New Braunfels Herald Zeitung, August 20, 2005

New Braunfels Herald Zeitung

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Publication name: New Braunfels Herald Zeitung

Location: New Braunfels, Texas

Pages available: 319,437

Years available: 1952 - 2013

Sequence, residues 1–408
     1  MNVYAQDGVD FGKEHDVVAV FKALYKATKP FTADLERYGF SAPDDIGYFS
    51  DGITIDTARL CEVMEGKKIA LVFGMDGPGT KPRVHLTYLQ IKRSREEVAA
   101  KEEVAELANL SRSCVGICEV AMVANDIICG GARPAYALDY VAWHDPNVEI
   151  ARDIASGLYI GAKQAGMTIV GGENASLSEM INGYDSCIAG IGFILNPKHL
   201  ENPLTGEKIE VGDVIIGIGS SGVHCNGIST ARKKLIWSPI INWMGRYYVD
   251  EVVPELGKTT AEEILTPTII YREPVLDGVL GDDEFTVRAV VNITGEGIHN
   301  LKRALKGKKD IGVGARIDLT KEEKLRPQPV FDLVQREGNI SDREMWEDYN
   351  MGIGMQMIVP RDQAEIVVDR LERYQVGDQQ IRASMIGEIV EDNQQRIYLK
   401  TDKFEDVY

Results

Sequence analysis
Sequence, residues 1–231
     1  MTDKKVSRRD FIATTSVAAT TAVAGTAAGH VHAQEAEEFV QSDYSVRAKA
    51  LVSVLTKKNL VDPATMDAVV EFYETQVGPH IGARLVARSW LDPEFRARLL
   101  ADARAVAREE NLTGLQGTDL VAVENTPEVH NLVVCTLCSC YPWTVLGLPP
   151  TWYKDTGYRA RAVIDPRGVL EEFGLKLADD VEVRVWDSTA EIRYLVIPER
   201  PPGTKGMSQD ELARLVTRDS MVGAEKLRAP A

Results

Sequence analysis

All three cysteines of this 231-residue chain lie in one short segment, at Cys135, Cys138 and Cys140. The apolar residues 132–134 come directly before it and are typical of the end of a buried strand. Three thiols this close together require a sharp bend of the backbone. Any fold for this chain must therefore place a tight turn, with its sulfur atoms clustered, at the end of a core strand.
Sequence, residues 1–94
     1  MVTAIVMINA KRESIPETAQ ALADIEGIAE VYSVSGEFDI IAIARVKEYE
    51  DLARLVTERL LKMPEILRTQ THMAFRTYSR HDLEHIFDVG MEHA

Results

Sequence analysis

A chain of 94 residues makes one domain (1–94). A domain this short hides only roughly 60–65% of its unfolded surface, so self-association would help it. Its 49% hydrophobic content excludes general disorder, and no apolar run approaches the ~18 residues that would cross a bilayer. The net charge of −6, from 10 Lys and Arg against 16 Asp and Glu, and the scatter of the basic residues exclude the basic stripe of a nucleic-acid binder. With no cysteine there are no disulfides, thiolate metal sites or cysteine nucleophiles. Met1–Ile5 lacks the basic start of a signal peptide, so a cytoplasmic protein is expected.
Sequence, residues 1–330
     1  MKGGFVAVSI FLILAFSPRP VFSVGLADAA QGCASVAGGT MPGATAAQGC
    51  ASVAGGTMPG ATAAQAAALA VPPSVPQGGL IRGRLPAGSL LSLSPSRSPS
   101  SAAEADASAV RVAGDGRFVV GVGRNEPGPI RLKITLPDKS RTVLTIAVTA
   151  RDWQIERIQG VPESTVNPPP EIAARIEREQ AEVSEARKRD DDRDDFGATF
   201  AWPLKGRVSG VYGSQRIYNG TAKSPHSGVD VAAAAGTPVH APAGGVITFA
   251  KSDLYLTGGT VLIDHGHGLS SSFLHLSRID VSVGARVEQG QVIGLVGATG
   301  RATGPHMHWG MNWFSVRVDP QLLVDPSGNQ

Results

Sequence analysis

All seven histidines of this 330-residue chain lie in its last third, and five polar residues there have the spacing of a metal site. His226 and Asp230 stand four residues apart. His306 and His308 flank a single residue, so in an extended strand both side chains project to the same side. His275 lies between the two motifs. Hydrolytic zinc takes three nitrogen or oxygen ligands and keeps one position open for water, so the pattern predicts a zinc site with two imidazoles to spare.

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New Braunfels Herald Zeitung (Newspaper) - August 20, 2005, New Braunfels, Texas SATURDAY, AUGUST 20,2005 Zeitung KMxmxkxkkmxkxk ALL FOK ADC 780 MOI 1000571 12/^0f0o rt„ j- - - .. SOUTHWEST HICROPUBLISHERS GETI 2627 E VANDELL DK EL FASO TX 79903 New Brat Smithson Valley use scrimmages to prepare for opening night. Page 5A FORUM SPEAK OUT Readers have their say about fuel mileage, racial bias, supporting farmers and Cemex. Page 4A Serving New Braunfels and Comal County since 1852. Vol. 154, No. 233 16 pages, 2 sections herald-zeitung.com 500 00001' r- m Partly ^ Cloudy High Low 101 75 Details .... 1B DEAR ABBY 3B CLASSIFIEDS 48 COMICS 2B CROSSWORD 28 FORUM 4A OBITUARIES 3A SPORTS 5A TV GRIDS 3B 4B Board agrees to fund airport tower By Leigh Jones Staff Writer The New Braunfels Municipal Airport will get its air traffic control tower, but not without jumping through a few more hoops. Industrial Development Corporation (4B) Board members approved Thursday spending $1.5 million for the structure, as long as it remains city property and the remainder of the $15 million expansion project gets funded. Silver State Helicopters has proposed a bond, guaranteed by the city and paid back through the company’s rental revenue, to pay for hanger and classroom space, a fixed base operation center and ramp expansion. Airport Manager Andy Spinks told board members he was waiting on final bids for the additional improvements before taking the request to city council. Although council members have not approved or even discussed guaranteeing a bond for the project, they will vote Monday to ratify the 4B board’s conditional expenditure. City Manager Chuck Pinto said the accompanying vote enabling the city See AIRPORT, Page 3A By David Rupkalvis News Editor SATTLER — Jennifer Curtis spends each school year working to get children excited about science. Thursday, she got a head start. As students at Mountain Valley School returned to the school to meet their new teachers, they had a surprise in store — fun and games that challenged students to think about science and math. Curtis came up with the idea after seeing it at another school, but in order to make it a reality, she needed help. So she recruited some of her daughter’s friends as well as former students, and for days they prepared. When students walked into the gymnasium and cafeteria at Mountain Valley, what they found were stations set up with different games and challenges that encouraged students and parents to think about math and science. Curtis said one of the reasons she came up with the idea was because she wanted to give parents ideas of what they could do with their children. Each station included instructions on how to do the projects at home. “Parents are always looking for ideas,’’ Curtis said. "They want something to do with their children, especially during the first week of school when they’re real excited.’’ Taylor Robinson, a seventh-grade student, and Katy Payne, a sixth-grader, went through the exhibits. Robinson said the hardest event was a hopscotch jump where participants were challenged to multiply as they jumped from number to number. “Having to do both at the same time was tough,” Robinson said. Both girls agreed the most fun event was a table where their thumbs were taped to their hands and they were asked to do simple chores without their thumbs. "It was challenging but fun at the same time," Robinson said. “You never really think about how much you use your thumbs." Sixth-grader Jackie Salazar helped students try the thumb experiment. She said she had practiced for two days to get ready, “but I’m pretty good at it.” "We’re showing how hard it is for animals to get around without thumbs,” Salazar said. Matt Hardy led a station where students learned about their bodies by checking height, weight, their pulse before and after exercise and reaction times. “It just proves all about yourself in different scientific ways,” he said. One station was less about science and math and more about a challenge between boys and girls. At the station, students were See MATH, Page 8A Sales tax revenues in New Braunfels continue to climb By Leigh Jones Staff Writer New Braunfels is way ahead of the rest of the state in this year’s sales tax revenue, increasing its take 12.87 percent compared to the same time last year. According to numbers released by Texas Comptroller Carole Keeton Strayhorn, the state has increased its revenue by only 5.9 percent compared to last year’s intake. City Manager Chuck Pinto said the New Braunfels’ better-than-average performance was nothing new. “Doing better than the state overall is a city trend,” he said. "We have made a marked effort to improve our economic development, which creates wealth.” While the city’s efforts have contributed to the growth in sales tax numbers, Pinto said the area’s overall expansion also was a factor. “Our entire area is growing. The houses going up all around us create a need for businesses to serve the people that live in them,” he said. “Those businesses generate sales tax revenue.” The city’s steady increase during the last IO months equals $837,965.51 more so far for this year’s expenditures. August’s sales tax report covers June, the first montli the city uses for its summer revenue calculations. So far, so good, Pinto said. See CLIMB, Page 3A McKenna gets shot down by 4B Board By Leigh Jones Staff Writer The Industrial Development Corporation (4B) Board sent McKenna Healthlink home without any money Thursday — and told officials not to come back again. McKenna Health System President Tim Brierty had asked the board for $250,000 to help pay for the group’s Healthlink and Childrens Museum facility on San Antonio Street. Board member Jay Patrick said the hoard had not liked the idea any of the previous three times it had come before them for consideration and wasn’t likely to change its mind. “lf we had wanted to do something with this, we would have scheduled a public hearing on it before now,” he said. “I think we’ve made ourselves clear on this." Patrick was joined by board Chairman Matt I larrison and members Kirk Kistner and Monroe Miller in voting to permanently table McKenna’s request, effectively ending the group's bid for 4B funding. See McKenna Page 3A Family fitness New Braunfels business allows new moms to get in shape even with the children in tow. Fire danger could be lifting in Comal County By David Rupkalvis News Editor Comal County commissioners could wait awhile before instating another burn ban after learning a new technique to measure the fire danger. Twice this summer, commissioners enforced a bum ban, outlawing virtually all outdoor burning in the county. After hearing a presentation from Eon Patterson, a regional fire coordinator with the Texas Forest Service, commissioners decided to allow burning for the time being. Patterson explained that the Keetch-Byran Drought Index, which Fire Marshal Lin Manford and commissioners have used to assess fire danger, is not the best tool to make that determination. Instead, the Forest Service uses its own system, the National Fire Danger Rating System. Patterson explained the weakness with the drought index was it w as created to check for drought conditions, not fire danger. The drought system measures the depth under the soil before moisture is reached. The further under the soil, the great the See BURN, Page 3AThe Sonier Group ERA-D. Lee Edwards Realty it.“Unmatched Attention For Your Real Estate Needs” PROUDLY SERVING NEW BRAUNFELS & SURROUNDING COMMUNITIES Susan Sonier or Jerry Sonier 830.832.8815    210.885.6188 Email: TheSon^6roup^gmail.com y |   IMM IWiilllH mHnaUdHHii* I Will SIU ■MMI GETTING AN EARLY START Math, science displays mix excitement and education Photos by MANDY REARY/Herald-Zeitung From right,Troy, Lilliana and Natalie Eyster and Laura Richner blow through straws to see who can shoot the furthest at Mountain Valley School Thursday evening. Below,Taylor Robinson, left, and Katy Payne make their way through the multi-colored flowers into Mountain Valley's gymnasium, where science and math experiments were set up. ;